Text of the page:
By AARON GETTINGER
Ald. Leslie Hairston (5th) unveiled a plan to use bonds to promote sustainable commercial development, housing development and early childhood education support in South Shore at a Jan. 22 ward meeting.
“The fact that the Obama Center is coming to Jackson Park has many people worried about displacement,” Hairston said. “I don’t believe we should approach this as a scare tactic. I think we should approach this as united communities and find a way to help stabilize the neighborhood so that people do not get displaced.”
The plan is designed to cover just South Shore. Hairston has stressed in previous statements that she does not represent more than a sliver of Woodlawn, the lower income neighborhood across the street from the OPC site.
Hairston’s office hired Eli Williamson, a consultant who co-founded a Chicago veterans services nonprofit and serves on the South Shore Chamber of Commerce, to design the project, and he gave an overview of the plans at the meeting. He said the plan was drafted with the input of community stakeholders including residents and business-owners.
Noting South Shore’s status as an economically diverse African-American community (i.e., one with varying levels of household income) and one of the few majority-black lakefront neighborhoods, Williamson said the goals are to stabilize the existing community and create “economic and social incentives” to attract “back those individuals who left because of disinvestment.” The plan is specifically designed to promote sustainable commercial development.
He proposed investments into South Shore through “a bonding apparatus that allows for increased resources towards community organizations.”
Williamson said he has talked to Hairston about talking to county, city and state governments to identify the types of bonds that could “flow into community-led organizations and actually subsidize this work.”
Reached for comment later, Williamson said Hairston would advocate for the plan on municipal, county and state government levels. He said he did not know what bodies within those governments would issue the bonds but that government officials would know “how best can we accomplish this.”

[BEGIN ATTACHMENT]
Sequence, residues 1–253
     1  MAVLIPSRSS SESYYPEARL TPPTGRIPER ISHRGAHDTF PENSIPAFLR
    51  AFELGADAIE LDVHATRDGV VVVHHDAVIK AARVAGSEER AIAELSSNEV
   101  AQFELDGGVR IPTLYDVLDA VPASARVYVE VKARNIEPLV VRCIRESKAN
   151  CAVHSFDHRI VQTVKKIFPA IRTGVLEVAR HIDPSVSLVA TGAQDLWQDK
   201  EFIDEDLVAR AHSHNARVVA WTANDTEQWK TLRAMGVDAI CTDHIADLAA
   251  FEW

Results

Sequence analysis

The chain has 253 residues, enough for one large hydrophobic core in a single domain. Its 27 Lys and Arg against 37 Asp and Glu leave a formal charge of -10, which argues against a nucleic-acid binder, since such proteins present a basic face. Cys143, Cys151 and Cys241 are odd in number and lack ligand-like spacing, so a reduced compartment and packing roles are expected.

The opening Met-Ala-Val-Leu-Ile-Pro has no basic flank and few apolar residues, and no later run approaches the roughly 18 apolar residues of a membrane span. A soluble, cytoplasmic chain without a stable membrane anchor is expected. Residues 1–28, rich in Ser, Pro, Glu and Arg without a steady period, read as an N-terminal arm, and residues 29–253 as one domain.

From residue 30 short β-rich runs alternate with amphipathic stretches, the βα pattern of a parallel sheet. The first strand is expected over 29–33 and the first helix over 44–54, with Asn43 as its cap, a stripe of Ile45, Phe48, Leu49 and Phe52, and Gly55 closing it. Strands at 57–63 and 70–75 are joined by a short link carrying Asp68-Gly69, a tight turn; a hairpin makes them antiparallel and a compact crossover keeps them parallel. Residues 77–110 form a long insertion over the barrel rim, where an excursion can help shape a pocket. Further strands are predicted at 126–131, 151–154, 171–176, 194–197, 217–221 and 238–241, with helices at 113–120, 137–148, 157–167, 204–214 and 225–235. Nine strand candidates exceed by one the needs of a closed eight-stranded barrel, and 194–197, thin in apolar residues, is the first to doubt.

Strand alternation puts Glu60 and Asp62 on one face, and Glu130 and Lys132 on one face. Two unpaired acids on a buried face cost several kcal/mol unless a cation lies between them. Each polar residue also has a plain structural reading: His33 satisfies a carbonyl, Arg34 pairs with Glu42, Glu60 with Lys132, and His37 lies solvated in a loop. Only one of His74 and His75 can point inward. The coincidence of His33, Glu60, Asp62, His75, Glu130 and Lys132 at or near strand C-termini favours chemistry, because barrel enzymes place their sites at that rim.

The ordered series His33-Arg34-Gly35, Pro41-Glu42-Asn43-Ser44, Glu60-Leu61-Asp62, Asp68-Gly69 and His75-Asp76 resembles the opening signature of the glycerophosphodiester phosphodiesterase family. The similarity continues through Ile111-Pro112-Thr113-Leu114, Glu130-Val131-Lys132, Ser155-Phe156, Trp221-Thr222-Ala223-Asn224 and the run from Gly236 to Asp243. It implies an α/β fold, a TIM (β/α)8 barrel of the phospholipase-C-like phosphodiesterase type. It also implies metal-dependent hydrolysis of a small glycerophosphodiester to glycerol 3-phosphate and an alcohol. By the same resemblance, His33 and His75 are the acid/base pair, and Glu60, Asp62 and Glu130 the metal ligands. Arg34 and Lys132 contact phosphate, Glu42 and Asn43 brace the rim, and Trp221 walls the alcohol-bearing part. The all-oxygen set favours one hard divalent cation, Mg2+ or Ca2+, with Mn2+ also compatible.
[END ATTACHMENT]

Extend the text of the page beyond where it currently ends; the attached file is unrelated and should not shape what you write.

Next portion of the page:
“I don’t think there is an answer right now for the question that you have, because those conversations have to happen within those entities,” Williamson said.
Asked how government bodies would repay the bonds, Williamson deferred to Hairston’s office, saying his role was to reach out to local organizations and find opportunities and resources that would stabilize South Shore.
“When it comes to the actual bonding, my only job as a consultant was to identify opportunities that have already occurred and that fit the environment that we find ourselves in in Chicago,” Williamson said. “These higher level questions — these are the purview of the alderman, and this is also under the purview of the alderman’s outreach to the actual governmental entities that can actually do this type of work.”
Williamson declined to name specific South Shore organizations that would receive funds from the bonds, saying he does not want “to be seen as picking favorites.” He said fund recipients would be selected under rules written into the bond mechanism, not by Hairston herself.
At the meeting, Hairston said the mechanisms for how the bonds would be issued were under determination. As of press time, her office has not responded to requests for comment, and no details were available regarding what the total amount of the bonds would be.